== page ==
Android's barrier of "tap seven times here and you're a developer" is very low. It's clever, and good for many reasons, but user security isn't one of them.

It is clear that user is the biggest risk in all systems, but that doesn't quite take away from the more important addressable question - specifically - is a password-less method better than what we do today (aka passwords.

I'd take a hunch that the number of users with easily guessable passwords outweighs the number of targeted malware attempts.

But I need not guess, any of the password dump files provides a good statistic showing % of passwords.. what was it something like 0.6% are still 123456? and another 2-4% some similar-looking cousin?

If we go with this logic - we also wind up getting extra wins: better usability, and cheaper to deploy/manage. But that's a whole other topic.

Recently I've moved around a bit and have been connecting to a lot of different networks for my internet. My online bank account has flagged and reset my account about a half dozen times in the last month.

The strategy seems to be "There is a snowball's chance in hell the account was compromised let's just lock online access and require a password reset just incase".

It's inconvenient, but you have to wander at what point do you need to take control from the user. It's hubris to think we can imagine all the edge cases for user behavior (like you described).

It looks a bit like Steve Gibson's SQRL (which uses QR code rather than bluetooth), which I think is an excellent idea. I just wish it was sponsored by someone more consensual/followed by the tech community.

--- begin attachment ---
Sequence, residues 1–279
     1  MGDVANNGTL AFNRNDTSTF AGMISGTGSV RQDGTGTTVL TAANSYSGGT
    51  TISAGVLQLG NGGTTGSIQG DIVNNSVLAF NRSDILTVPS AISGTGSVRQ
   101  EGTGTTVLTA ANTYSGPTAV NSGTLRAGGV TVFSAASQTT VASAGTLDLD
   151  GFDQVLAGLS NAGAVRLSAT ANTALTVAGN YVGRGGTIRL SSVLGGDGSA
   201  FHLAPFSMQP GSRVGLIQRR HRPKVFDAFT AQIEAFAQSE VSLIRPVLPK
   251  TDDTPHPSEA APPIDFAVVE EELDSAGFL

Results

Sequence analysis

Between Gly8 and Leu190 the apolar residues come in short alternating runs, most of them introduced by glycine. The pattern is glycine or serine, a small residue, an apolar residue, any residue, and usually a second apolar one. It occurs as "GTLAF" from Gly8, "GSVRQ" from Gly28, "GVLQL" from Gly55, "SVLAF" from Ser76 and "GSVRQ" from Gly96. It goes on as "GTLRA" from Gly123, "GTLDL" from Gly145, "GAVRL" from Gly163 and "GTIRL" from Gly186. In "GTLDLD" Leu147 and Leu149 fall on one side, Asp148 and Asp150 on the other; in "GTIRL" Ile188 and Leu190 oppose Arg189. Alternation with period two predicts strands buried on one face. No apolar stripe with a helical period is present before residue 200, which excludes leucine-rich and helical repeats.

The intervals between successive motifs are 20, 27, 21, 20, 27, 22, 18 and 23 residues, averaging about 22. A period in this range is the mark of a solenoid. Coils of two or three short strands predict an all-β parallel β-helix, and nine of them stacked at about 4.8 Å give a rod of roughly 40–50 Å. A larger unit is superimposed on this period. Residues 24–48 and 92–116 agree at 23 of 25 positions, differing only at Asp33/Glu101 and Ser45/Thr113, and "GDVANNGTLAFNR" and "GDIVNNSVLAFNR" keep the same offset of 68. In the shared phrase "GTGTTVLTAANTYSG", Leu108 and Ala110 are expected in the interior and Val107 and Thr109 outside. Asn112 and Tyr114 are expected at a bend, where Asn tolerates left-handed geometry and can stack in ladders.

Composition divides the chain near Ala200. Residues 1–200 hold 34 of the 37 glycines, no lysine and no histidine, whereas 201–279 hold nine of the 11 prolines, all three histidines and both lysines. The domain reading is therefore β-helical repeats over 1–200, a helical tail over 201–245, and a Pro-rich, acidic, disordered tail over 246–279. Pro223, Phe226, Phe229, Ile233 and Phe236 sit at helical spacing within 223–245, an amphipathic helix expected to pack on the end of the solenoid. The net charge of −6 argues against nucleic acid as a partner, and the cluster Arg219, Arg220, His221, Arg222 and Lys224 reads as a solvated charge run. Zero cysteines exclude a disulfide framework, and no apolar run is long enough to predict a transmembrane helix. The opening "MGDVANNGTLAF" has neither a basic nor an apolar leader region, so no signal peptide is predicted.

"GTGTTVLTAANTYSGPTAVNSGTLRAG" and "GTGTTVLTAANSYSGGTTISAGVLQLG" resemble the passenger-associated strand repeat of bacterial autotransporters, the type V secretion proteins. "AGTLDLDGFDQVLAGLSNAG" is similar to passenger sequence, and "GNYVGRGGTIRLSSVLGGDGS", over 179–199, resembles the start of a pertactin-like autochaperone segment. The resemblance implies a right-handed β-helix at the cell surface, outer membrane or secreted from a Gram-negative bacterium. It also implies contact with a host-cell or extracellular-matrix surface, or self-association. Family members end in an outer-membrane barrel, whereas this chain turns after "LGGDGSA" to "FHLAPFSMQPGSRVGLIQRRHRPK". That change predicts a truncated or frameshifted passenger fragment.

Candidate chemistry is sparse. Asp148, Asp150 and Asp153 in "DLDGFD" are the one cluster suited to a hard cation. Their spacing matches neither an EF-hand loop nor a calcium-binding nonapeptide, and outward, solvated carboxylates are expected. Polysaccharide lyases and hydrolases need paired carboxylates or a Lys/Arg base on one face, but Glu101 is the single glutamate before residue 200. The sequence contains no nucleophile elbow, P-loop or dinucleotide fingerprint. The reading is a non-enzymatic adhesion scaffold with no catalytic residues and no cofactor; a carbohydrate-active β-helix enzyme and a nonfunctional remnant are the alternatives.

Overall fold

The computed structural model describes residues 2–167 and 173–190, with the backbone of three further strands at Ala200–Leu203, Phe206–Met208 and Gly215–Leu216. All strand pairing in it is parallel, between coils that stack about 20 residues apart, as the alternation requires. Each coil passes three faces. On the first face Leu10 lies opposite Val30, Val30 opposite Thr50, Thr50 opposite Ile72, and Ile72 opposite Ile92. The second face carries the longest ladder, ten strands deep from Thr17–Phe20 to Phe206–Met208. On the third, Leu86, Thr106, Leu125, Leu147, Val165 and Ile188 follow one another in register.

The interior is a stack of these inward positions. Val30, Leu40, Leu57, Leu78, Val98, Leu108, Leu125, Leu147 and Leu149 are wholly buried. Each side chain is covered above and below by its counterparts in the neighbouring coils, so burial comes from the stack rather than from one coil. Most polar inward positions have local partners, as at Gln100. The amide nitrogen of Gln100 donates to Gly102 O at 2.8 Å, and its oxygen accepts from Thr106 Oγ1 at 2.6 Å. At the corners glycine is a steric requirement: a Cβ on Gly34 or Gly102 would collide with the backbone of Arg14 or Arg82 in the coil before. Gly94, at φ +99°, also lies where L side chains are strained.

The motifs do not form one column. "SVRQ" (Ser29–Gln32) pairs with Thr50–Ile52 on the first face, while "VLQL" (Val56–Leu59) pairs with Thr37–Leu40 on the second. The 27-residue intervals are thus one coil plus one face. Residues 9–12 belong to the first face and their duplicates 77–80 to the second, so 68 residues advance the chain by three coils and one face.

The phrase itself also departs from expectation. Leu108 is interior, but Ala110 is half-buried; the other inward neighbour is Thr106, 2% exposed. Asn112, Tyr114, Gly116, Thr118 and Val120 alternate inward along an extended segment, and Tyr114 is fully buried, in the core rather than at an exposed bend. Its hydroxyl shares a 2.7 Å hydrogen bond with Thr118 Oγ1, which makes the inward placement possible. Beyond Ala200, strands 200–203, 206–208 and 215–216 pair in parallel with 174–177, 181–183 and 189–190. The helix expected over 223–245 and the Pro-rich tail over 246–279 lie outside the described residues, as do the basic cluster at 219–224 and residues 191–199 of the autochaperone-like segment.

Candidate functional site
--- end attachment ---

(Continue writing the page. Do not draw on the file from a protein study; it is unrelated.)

But the idea of saving a private key on a locked down, app whitelisting, disk encrypted device (like an iphone) and to have a protocole that does not rely on a third party (which currently are mostly google and the social networks, the last people on earth I would want to share which sites I login to) is appealing.

>It looks a bit like Steve Gibson's SQRL (which uses QR code rather than bluetooth)

or you could combine them: when Bluetooth isn't available then use a QR code

The bluetooth dependency looka painful. But I'm also highly skeptical of the behavioural analysis. I feel like a piece of malware could replay recorded behaviour and attack at 2:30am when the user is probably close enough to trigger an automatic authentication.

Since agents need to be authenticated once with users, the replay vulnerability should not be a concern. But a malware that sits on a client and potentially can access to agent keys can definitely be used to authenticate when phone is in proximity of infected machine. But that level of vulnerability on clients is pretty serious.

Well, if its your home computer and you know a target uses this method, then you know they've authenticated their agent. Maybe someone cleverer than I can come up with an attack vector starting with an unauthenticated agent, but I'll ignore that for now.

And I'm not talking about root access here. Just userspace to record mouse and keystrokes and then replay that. Then, just a couple of clicks and letters changed to some service that uses this authentication. If the replay is done right, those couple of clicks might lower the confidence of the behaviour analysis but not enough to lock it up (that sort of sensitivity would just make it infeasible). Now that it is authenticated, it can stop pretending and quickly move the mouse around and type to do whatever it wants. maybe it downloads your emails and uploads them somewhere.

The point is, your method requires no interaction for the majority of authentications and is potentially always online.